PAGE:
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We incorporate randomness into deterministic theories and compare analytically and numerically some well-known stochastic theories: the Liouville process, the Ornstein-Uhlenbeck process, and a process that is Gaussian and exponentially time correlated (Ornstein-Uhlenbeck noise). Different methods of achieving the marginal densities for correlated and uncorrelated noise are discussed. Analytical results are presented for a deterministic linear friction force and a stochastic force that is uncorrelated or exponentially correlated.

Stochastic theories model systems which develop in time and space in accordance with probabilistic laws.^{1}^{2}^{3} A random “disturbance” in a Markov process may possibly influence all subsequent values of the realization. The influence may decrease rapidly as the time point moves into the future. Five methods to account for randomness are

For method 1 allowing randomness in the initial values for a particle and for a deterministic noise commonly implies more realistic models of physical situations than, for example, the Liouville process where a realization of the stochastic process is constructed deterministically allowing randomness only in the initial conditions of the particle. In the Stratonovich [

In physics or engineering applications second-order ordinary differential equations are often used as models. Unfortunately, second-order processes are more difficult to address than first-order processes. The second-order differential equation is first written as the mathematical equivalent set of two first-order equations, and then randomness is incorporated into the first-order equations either by Ito or Stratonovich interpretations by defining two stochastic differential equations for the two random variables

In method 2, randomness is implemented without using differential equations and Monte Carlo simulations, by studying the Liouville equation as such with our without added terms, for example, for a particle. In the Liouville process the probability density is a solution of the so-called Liouville equation^{4}

A system with time-uncorrelated noise is usually just a coarse-grained version of a more fundamental microscopic model with time correlation. It is therefore of interest to study models with correlation. Bag et al. [^{5}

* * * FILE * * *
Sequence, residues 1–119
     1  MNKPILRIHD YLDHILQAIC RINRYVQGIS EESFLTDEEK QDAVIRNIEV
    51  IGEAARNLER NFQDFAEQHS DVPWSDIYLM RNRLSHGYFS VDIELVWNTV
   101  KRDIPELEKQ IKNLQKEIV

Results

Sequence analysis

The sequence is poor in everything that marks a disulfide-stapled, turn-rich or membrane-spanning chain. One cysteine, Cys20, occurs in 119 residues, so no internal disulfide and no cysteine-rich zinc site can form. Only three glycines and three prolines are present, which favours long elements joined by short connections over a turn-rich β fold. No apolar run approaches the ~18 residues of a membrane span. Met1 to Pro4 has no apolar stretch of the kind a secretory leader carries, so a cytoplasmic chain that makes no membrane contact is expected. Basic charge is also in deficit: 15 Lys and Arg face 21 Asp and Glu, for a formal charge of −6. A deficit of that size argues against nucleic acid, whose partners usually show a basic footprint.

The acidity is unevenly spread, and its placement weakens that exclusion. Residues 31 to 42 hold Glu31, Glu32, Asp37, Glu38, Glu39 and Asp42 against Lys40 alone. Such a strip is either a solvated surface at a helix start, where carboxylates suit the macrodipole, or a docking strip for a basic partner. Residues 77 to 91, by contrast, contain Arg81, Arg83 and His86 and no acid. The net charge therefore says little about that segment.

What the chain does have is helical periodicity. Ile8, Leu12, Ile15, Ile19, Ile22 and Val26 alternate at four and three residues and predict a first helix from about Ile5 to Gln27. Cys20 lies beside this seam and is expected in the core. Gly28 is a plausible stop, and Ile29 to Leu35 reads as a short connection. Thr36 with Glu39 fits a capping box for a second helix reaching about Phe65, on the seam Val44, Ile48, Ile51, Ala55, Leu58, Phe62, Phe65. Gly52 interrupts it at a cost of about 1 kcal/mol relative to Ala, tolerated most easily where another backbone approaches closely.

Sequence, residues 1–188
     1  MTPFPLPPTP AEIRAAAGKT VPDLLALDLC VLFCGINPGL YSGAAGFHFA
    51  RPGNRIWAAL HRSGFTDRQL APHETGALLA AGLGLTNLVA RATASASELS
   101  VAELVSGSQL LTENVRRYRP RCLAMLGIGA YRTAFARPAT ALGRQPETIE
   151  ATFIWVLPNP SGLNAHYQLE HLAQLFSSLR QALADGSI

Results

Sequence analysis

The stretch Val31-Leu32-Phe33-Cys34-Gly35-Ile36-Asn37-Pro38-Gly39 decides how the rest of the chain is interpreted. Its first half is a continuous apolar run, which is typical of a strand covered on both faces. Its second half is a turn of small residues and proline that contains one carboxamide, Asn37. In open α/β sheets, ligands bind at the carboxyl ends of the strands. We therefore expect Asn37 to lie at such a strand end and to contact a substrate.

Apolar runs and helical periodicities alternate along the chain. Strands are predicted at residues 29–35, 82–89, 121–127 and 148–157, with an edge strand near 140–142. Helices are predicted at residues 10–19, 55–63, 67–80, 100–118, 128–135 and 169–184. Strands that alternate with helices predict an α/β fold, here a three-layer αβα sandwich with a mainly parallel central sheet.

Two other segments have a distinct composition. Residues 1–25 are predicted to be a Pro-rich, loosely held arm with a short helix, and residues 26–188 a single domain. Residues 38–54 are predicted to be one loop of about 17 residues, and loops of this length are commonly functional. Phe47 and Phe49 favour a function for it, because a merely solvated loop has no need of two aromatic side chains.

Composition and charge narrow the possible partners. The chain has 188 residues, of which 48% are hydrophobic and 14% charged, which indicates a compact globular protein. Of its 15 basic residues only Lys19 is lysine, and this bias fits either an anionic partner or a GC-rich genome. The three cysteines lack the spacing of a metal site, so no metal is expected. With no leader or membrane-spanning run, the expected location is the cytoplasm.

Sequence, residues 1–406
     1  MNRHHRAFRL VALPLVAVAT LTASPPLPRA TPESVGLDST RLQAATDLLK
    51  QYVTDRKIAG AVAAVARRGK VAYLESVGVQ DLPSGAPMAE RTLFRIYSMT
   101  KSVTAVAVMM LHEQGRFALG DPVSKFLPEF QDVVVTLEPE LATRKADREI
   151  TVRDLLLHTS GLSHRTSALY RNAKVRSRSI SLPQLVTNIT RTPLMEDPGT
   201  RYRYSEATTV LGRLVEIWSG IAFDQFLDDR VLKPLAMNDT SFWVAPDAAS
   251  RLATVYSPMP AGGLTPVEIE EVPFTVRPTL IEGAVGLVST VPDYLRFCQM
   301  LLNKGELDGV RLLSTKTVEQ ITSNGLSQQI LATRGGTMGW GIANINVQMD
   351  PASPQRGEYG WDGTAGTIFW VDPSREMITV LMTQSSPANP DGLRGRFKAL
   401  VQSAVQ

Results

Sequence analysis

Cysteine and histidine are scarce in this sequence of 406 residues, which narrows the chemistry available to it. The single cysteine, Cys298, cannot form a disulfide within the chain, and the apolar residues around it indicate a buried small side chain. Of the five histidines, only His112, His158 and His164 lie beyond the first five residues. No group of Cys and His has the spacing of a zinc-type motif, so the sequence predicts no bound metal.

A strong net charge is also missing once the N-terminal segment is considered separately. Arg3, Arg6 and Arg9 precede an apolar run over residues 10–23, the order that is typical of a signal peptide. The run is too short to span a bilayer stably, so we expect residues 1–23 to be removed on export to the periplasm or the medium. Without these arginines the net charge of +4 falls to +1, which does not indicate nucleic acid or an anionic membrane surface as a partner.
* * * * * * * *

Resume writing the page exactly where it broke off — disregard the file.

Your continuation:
This section provides a first order process which accounts for randomness. Assume that the differential equation

Stochastic or nonstochastic integrals can rarely be solved in analytic form, making numerical algorithms an important tool. Assume that

Conceptually, we can easily generate realizations by applying (

We can write (

In Section

The last line in (

With friction we can also compare the variances, to read

Figure

The variances as a function of time assuming linear friction.

We have so far only analyzed first order systems with additive noise. Consider now the continuous time approach with nonlinear noise, to read

We can mimic Gaussian-correlated noise by Gaussian-uncorrelated noise when using the Stratonovich integral for multiplicative noise also. To achieve this we must according to (

Unfortunately bidimensional first order processes or second-order stochastic processes are more difficult to address than one dimensional first order processes. This is so because the position at a given time depends strongly on the velocity. Removing this dependence is tricky. We construct a stochastic interpretation of the bidimensional equation set with additive noise, to read as the Ito stochastic equation

Consider now the second-order process in (

The equation for the joint distribution is more complicated to derive. We achieve by Taylor expansion with only a random force that

By integrating with respect to the position and velocity, respectively, we achieve the equation for the marginal density of velocity and position, to read